Keeping ownership within the family

sept 5

Ownership Stages

An analysis of family business system development in 1997 led Gersick, et al to create the Three Stages of Development of the Family Business, first published in the book Generation to Generation: Life Cycles of the Family Business. 

Most family businesses start at the Controlling Owner stage with one owner (or one owner and his/her spouse) having ownership control. A family business can stay at the Controlling Owner stage for many generations if ownership remains consolidated in one person or a married couple. 

Because families tend to pass ownership equally to the next generation, family businesses typically move next to the Sibling Partnership stage. Now brothers and sisters control the business together through ownership. 

Next, family companies typically move to the Cousin Consortium stage as ownership control passes to a group of cousins. The family is larger, more diverse, and the business is larger and more complex.
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I am finally back in Manila but only for a few days as I am slated to be in Iloilo and Cebu for back to back engagements before resuming my regular advisory work for ASEAN clients in mid-September.

My two-week research and family coaching work in the US and Europe related to the dynamics of Family Enterprises was indeed a learning experience. To borrow a line from Albert Einstein…’the more I learn, the more I realize how much I don’t know.’

The series of engagements made me reflect that the more I learn about anything related to governance naturally unlocks the knowledge that there is so much more about ownership that I don’t know.

Ownership transition is a critical end stage initiative that when done early and correctly produces real growth and harmony bereft of any tension and conflict long after the founder is gone.

Ownership Governance and Stewardship

One particular meeting during my two visits in the US that is worth mentioning was with Andrew Hier, Senior Advisor and partner at Cambridge Advisors. It was another opportunity to learn the complexities of ownership as family businesses transitions from one generation to another. Like its Founder and Chairman, Dr. John Davis, Andrew is a globally recognized expert on the ownership dimension of family enterprises and has served as facilitator and lecturer at Harvard Business School’s Families in Business Program.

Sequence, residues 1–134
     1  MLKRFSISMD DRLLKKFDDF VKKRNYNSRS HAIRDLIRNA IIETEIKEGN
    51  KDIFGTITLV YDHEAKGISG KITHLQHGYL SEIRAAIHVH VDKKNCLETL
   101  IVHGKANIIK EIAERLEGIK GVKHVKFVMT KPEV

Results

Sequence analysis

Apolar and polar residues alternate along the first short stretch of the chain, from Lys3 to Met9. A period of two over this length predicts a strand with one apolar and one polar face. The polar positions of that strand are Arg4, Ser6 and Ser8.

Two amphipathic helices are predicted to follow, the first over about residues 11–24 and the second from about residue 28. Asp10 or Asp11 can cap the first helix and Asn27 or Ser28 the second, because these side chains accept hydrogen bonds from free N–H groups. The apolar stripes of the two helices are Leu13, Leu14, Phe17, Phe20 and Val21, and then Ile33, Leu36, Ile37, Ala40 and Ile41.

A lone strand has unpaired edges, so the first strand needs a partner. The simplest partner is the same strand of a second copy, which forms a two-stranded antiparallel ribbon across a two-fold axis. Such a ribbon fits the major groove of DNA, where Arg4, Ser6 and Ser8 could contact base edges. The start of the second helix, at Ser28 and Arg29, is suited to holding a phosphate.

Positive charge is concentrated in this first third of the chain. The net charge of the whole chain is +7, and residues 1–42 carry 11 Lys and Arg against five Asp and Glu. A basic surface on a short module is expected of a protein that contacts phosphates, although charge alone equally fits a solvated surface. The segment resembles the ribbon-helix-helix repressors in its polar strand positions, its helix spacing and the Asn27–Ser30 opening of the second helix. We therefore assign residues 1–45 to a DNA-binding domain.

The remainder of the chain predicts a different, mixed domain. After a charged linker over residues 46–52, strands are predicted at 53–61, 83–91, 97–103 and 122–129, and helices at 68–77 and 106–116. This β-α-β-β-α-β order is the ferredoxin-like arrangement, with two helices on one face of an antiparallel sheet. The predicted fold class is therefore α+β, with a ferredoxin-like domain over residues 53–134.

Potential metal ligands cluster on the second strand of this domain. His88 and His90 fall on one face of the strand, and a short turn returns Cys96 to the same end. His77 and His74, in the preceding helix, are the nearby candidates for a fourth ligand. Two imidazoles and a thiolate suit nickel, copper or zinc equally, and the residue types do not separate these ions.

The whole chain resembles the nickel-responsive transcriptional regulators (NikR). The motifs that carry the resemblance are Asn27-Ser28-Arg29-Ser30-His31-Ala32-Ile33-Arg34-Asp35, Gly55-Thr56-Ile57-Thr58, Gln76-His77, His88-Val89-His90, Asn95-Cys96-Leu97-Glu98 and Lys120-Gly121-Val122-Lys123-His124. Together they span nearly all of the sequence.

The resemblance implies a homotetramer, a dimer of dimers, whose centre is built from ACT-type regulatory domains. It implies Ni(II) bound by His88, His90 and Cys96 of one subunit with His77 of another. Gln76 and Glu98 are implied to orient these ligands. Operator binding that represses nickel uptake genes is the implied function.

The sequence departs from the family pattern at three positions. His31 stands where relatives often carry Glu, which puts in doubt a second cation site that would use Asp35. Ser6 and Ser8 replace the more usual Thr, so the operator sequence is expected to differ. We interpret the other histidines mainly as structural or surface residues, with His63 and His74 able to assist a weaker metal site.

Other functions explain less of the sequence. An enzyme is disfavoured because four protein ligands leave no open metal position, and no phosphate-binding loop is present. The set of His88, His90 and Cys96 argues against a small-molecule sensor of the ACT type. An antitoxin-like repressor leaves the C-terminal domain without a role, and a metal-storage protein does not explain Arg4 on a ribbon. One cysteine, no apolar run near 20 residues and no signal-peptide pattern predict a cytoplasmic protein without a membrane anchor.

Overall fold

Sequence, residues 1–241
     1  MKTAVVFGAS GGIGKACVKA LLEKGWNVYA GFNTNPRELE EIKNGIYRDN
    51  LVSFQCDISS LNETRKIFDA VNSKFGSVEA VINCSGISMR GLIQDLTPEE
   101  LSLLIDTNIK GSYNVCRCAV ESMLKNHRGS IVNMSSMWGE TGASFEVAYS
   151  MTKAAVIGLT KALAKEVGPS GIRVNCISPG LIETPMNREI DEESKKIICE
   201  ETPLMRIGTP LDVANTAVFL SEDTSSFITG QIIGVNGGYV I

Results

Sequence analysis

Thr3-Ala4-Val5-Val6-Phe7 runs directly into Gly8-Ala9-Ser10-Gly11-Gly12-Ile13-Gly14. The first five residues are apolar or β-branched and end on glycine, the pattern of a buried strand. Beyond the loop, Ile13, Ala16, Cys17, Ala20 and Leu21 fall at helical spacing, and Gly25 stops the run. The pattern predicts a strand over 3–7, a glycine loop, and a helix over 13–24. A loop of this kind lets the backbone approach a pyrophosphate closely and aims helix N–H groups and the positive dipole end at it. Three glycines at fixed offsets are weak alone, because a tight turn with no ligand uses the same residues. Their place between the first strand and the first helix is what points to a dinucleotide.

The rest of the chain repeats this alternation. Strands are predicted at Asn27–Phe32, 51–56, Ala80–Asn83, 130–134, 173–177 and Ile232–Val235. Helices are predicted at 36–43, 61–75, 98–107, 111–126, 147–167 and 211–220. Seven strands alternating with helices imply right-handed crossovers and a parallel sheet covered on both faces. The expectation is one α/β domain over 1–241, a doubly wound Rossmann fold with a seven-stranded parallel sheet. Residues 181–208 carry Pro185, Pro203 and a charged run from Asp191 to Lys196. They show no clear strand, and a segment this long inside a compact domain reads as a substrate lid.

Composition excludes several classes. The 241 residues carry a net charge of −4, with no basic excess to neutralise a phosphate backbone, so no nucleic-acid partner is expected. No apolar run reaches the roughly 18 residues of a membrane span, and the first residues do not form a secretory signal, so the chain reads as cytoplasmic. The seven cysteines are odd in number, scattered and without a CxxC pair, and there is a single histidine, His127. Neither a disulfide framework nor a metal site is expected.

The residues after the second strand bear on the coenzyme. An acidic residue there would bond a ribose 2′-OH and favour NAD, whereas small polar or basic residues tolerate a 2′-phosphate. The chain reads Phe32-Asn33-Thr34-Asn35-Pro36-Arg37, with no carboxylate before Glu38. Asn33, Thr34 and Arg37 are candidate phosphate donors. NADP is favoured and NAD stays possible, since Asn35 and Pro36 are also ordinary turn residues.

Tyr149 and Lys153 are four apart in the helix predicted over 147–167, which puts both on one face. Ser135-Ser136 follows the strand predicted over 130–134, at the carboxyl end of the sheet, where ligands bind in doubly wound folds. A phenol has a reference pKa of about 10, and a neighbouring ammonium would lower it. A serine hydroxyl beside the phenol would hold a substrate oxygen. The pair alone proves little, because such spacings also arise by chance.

As he intimated during our meetings, for visionaries and founders to transition the enterprise to the next generation members successfully, leaders must rigorously pursue the following ownership programs:

  1. Craft ownership strategies
  2. Create an integrated, long-term ownership plan
  3. Put in place Ownership governance forums
  4. Develop Ownership and dividend policies
  5. Design a process in selecting and compensating board members
  6. Assess the most appropriate ownership models to include strategies for transferring ownership
  7. Work on a process for shareholder buyouts

Under a globalized economy, high net worth families and SME owners, must do more to make sure their wealth is preserve while passing the reigns of the business to the next generation. In return, next generation business leaders must grow and braced for more changes that are expected to happen in the near future.

Ownership alignment and stewardship is no longer limited to tax minimization and estate planning but has become far and wide reaching that founders of businesses must seek expert advice on how to go about crafting a future proof ownership plan. Seeking the right advice from specialists is no longer an option. It is an imperative.

Wired and Borderless Transactions

While doing research and scanning the various modalities related to ownership and wealth preservation, family enterprises in Asia, the EU Countries and North America are experiencing unprecedented regulatory changes as a result of technology and globalization.

These changes are clear manifestations that family advisors, wealth planners, estate lawyers and most importantly business owners must start embracing complex ownership models as part of their legacy building initiatives.

It is a clarion call for stakeholders to embrace change and initiate the process of stewardship and incorporating tools to further protect the purity of ownership as the family transitions to a multi-generational system.

So whether your enterprise has presence in multiple countries or is simply a small or mid-sized enterprise with local operations, business owners wishing to preserve wealth and control within their family inevitably face a multitude but unique set of circumstances.

If the ownership plan is not initiated early, the American version of losing wealth by default would always resonate…

“Shirtsleeves to shirtsleeves in three generations”

(esoriano@wongadvisory.com)

http://johndavis.com/ownership-stages/

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